Some observers maintain that the ADHD label represents real progress in mental health diagnosis in that it takes the blame off the parents and schools, helps children get services, and justifies the use of medication.

But- there are several negative aspects of the labeling: 1) It is of limited practical value to teachers, psychologists, and physicians in that it offers no articulation of the individual's problems and strengths and no suggestions for specific management other than medication. 2) It may be misleading as to the true nature of the problem. 3) The complex phenomenon of attention is analyzed in too simple a way. 4) The label may be harmful and stigmatizing by stating or implying brain malfunction when it is unproven. Labels stick.

Conclusions- Is ADHD a valid disorder? The DSM-IV's own definition of a mental disorder says that it should be a clinically significant behavioral syndrome resulting in present distress or disability and arising from a dysfunction in the individual. That may be true for that 1-2% of the population. However, what is now most often described as ADHD for the other 5-15% of children in the United States appears (at least to temperament researchers) to be the problems resulting from a dysfunction in the interaction between normal but sometimes aversive behavioral variations in neurologically intact individuals and their incompatible environments. This

discrepancy leaves the validity of the ADHD construct at least partially in doubt.

Research for a better diagnostic system should include: 1) DSM-V should finally acknowledge the existence and clinical importance of normal temperament differences. Both environmental and biological determinism should be avoided.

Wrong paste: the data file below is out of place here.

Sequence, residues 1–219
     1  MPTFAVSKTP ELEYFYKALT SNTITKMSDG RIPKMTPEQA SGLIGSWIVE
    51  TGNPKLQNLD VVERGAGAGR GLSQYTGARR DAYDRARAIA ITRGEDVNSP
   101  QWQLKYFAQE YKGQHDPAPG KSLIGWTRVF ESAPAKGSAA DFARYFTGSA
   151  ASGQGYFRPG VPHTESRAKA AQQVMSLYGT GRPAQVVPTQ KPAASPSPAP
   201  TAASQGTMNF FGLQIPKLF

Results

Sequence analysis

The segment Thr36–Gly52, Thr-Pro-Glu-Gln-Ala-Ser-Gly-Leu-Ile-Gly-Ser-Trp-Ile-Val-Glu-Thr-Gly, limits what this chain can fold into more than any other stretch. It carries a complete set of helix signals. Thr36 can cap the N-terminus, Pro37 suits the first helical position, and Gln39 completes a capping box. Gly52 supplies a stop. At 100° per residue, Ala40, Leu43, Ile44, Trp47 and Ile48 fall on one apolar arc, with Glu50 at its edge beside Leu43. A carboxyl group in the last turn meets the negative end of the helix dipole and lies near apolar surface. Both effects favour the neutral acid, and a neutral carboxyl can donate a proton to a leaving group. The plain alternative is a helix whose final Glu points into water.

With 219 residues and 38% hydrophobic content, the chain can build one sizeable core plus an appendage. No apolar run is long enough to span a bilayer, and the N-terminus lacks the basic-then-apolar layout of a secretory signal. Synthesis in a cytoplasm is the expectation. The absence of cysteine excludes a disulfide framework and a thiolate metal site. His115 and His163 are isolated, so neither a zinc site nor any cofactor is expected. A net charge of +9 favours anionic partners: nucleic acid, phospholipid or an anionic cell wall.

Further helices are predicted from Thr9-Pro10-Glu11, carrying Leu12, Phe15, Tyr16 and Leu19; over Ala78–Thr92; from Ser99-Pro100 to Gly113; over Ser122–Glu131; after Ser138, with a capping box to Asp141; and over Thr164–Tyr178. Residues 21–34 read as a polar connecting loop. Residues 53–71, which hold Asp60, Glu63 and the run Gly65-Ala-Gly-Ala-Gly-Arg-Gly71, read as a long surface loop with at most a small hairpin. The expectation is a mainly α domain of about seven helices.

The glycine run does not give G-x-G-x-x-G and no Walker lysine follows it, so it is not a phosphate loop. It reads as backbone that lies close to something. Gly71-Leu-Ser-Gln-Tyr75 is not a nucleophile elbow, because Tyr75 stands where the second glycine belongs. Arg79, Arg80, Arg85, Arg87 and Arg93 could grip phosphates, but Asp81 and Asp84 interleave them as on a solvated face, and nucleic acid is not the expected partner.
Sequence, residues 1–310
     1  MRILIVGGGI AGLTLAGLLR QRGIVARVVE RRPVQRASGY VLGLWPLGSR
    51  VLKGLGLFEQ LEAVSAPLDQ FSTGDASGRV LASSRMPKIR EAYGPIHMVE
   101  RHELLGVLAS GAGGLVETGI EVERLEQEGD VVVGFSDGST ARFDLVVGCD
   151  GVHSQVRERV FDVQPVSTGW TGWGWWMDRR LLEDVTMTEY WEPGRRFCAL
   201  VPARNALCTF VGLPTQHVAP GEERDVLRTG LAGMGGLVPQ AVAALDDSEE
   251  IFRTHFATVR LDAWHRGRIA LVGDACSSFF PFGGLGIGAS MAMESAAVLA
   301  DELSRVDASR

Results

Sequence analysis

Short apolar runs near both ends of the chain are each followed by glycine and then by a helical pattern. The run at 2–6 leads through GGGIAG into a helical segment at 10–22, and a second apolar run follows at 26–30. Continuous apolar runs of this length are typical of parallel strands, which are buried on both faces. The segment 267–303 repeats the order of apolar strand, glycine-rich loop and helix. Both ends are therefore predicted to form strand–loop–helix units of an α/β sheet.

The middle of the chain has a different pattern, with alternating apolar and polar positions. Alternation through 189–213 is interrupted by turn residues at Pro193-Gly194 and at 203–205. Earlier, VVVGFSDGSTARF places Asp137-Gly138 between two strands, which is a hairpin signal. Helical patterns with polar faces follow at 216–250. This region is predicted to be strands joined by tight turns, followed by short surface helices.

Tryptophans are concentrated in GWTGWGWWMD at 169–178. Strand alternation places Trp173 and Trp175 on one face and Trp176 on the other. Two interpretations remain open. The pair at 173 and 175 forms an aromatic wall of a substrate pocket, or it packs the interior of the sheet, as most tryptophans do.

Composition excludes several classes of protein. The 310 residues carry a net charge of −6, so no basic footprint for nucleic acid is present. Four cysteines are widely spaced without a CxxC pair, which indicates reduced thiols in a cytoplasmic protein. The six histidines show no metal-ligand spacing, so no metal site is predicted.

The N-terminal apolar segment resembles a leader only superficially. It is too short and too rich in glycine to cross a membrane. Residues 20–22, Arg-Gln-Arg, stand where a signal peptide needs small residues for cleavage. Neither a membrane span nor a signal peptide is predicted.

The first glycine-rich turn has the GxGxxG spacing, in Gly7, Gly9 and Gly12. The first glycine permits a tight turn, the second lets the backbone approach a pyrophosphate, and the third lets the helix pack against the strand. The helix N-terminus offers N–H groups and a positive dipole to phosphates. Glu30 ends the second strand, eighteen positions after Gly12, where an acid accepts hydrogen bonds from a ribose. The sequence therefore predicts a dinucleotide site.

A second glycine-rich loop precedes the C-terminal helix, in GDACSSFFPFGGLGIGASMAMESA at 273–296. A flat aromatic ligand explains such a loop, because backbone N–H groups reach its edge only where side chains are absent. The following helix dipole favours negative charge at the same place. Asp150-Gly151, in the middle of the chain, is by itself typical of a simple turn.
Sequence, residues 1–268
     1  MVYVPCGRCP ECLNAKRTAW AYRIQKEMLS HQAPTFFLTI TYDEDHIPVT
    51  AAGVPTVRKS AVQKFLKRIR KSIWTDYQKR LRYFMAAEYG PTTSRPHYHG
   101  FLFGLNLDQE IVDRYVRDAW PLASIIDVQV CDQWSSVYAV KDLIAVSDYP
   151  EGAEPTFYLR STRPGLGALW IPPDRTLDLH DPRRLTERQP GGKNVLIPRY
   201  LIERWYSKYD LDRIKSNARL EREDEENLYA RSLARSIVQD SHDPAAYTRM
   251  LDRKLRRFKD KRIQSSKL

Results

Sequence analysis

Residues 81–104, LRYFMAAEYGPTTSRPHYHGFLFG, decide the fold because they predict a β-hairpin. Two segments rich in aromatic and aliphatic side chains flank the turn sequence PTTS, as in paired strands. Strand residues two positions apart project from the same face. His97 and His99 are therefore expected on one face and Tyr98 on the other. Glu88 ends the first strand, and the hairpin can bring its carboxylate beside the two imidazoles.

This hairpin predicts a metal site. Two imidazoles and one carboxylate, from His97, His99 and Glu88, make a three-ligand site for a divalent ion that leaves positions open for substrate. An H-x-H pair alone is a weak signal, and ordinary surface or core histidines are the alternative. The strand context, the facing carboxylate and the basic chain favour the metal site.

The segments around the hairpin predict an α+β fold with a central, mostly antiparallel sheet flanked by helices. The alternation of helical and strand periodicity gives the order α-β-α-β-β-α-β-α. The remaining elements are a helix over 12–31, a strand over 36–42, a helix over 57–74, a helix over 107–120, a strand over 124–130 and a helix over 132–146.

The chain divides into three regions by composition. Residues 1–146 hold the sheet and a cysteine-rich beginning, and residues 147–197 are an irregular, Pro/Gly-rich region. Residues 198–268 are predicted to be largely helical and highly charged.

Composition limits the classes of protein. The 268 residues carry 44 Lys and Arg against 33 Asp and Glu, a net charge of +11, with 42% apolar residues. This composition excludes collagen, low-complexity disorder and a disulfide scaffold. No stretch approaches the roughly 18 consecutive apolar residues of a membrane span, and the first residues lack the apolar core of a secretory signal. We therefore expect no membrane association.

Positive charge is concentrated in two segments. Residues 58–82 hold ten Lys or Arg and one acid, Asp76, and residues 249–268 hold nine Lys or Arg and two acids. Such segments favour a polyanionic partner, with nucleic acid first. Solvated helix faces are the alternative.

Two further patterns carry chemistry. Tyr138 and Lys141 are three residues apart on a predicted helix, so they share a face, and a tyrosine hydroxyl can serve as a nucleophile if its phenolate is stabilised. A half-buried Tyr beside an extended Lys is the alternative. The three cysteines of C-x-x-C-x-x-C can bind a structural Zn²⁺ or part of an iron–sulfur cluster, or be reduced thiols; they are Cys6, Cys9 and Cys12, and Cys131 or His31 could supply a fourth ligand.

2) A revised ADHD diagnosis would be tenable if it is limited to the 1-2% who are truly "hyperkinetic."

3) The other 5-15% would best be defined in terms of areas of dysfunction rather than as to their risk factors. The diagnosis of Adjustment Disorder already exists and would probably fit most of them. Another option for explanation is normal temperament variations without dysfunction, which are a very common source of concern to parents or teachers and frequently subject to pathologization.

4) Any diagnosis of brain malfunction should be based only on some objective evidence of it.

5) In the meanwhile, comprehensive functional assessments, which encompass both child and setting and strengths and problems, are much preferable to overly simple categorical labels.

6) Much research is needed to clarify these points. One would hope that the consensus report of this conference will avoid a false certainty and correctly reflect these concerns about how little we really know.

Go to "Things to do at this website"